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    5. Fast-paced, witty, but ultimately less satisfying than its (truly wonderful) predecessor Temples of Delight. The faith and magical qualities of the former are now replaced by a somewhat cynical comic spirit-- and what was touching before becomes somewhat ordinary. Some of the plotting seems forced, too. There's a masterful whirlwind wrap-up of juggled partnerships, but because we haven't seen any of them develop, they seem unpersuasive.

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    6. In "Jonglieren" treffen zahlreiche Personen aus komplizierten Familienverhältnissen aufeinander - neudeutsch: Kinder aus Patchwork-Familien. Christina ist die leibliche Tochter von Alice. Ihre ältere Schwester Pam wurde als Neugeborenes von Alice und Joe adoptiert, nachdem das Drama um den Tod von Pams Mutter das Paar an deren Sterbebett überhaupt erst zusammengeführt hatte. Joe ist der Verleger der Verstorbenen. Die Geschichte der ungewöhnlichen Familiengründung erzählt Mutter Alice ihre [...]

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    7. I’ve never read anything by Barbara Trapido before. Well, that’s not quite true – I tried to read Frankie and Stankie and just couldn’t get to grips with it at all. But I found Juggling in a charity shop and thought Barbara Trapido’s reputation had at least earned her another try. And how I loved this book! The cast of characters demands advanced juggling skills – the edgy Christina, her adopted sister Pam, the ethereal Peter, the slightly dangerous Jago and a vast cast of other char [...]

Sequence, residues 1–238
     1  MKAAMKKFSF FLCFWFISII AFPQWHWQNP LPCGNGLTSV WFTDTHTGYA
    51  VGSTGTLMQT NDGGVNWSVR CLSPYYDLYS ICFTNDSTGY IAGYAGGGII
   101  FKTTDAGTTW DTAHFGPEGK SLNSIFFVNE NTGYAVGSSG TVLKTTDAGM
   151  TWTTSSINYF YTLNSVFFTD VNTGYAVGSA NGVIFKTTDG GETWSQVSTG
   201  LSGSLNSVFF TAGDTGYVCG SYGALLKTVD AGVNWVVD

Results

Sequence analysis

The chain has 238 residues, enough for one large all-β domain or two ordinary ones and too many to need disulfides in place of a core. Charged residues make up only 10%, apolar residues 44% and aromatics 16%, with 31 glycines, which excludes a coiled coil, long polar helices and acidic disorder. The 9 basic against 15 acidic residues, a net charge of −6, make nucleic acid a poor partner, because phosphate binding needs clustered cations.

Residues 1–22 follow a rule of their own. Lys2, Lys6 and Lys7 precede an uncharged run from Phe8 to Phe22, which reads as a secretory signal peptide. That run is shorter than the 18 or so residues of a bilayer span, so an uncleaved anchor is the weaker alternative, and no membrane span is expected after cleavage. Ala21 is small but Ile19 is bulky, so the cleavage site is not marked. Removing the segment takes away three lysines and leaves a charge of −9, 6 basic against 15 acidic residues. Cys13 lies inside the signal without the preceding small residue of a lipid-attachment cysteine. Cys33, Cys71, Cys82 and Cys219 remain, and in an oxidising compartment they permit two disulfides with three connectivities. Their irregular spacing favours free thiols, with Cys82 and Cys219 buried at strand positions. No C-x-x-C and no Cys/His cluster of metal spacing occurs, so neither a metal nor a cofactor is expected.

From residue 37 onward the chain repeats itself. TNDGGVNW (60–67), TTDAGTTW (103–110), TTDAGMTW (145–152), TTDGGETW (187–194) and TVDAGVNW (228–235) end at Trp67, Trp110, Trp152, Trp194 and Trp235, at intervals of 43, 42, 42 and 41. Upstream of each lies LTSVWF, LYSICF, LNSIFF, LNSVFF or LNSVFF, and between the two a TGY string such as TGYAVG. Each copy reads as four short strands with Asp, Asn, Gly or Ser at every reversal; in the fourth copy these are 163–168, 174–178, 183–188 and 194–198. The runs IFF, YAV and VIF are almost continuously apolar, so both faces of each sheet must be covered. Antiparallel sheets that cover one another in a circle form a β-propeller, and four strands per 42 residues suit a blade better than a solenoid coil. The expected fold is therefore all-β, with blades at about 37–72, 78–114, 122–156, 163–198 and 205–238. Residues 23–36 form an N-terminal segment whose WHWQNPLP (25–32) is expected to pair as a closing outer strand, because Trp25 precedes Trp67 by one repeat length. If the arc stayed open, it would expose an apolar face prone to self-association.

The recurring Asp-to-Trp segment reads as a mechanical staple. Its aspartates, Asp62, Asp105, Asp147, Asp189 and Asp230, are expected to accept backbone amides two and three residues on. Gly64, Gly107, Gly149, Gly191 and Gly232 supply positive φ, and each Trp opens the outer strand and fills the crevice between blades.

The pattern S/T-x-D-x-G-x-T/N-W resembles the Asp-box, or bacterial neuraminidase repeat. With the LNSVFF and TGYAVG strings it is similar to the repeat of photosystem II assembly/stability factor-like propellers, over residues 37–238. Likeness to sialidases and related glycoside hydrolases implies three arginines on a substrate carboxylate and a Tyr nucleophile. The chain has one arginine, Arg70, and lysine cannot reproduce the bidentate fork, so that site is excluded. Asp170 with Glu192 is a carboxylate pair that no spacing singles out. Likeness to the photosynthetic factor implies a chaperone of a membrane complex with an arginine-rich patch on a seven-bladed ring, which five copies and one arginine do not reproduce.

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    8. I read Juggling for the first time soon after it came out in 1994. Loved it then and loved it even more this time, which is lucky as my book club will be talking about it tomorrow night. (It was my turn to choose the book.) We'll also be discussing the prequel, Temples of Delight, which I reviewed here recently as well.I love novels with stratified plots and characters who surprise me. Juggling delivers on these and many other counts. I'm a Shakespeare nut, so that helps with a lot of the refere [...]

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    9. I'm afraid I just don't get it.There's an undercurrent of Shakespeare running through this, and his plot contrivances are mentioned on at least one occasion, and if this whole thing is meant to be an homage of sorts to that, then I get it.I don't like it much, but I get it.We have a saintly "angel" who occasionally floats above the ground (or above the covers -- I picture it like Sigourney Weaver in "Ghostbusters") and can stop people doing violent or bad things. He appears mainly in the backgro [...]

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    10. Barbara Trapido is a recent discovery for me and this is only the second novel of hers I have read. The "Shakespearean" tag appealed to me immensely and I have enjoyed it in this context as a literary artefact. I am always after this kind of thing, and it not always easy to find!So, what have we here? Twins, fathers and daughers, fathers and sons, couplings and uncouplings, a midwinter's dream, with ghouls instead of fairies I feel that there are so many elements from Shakespeare in this story o [...]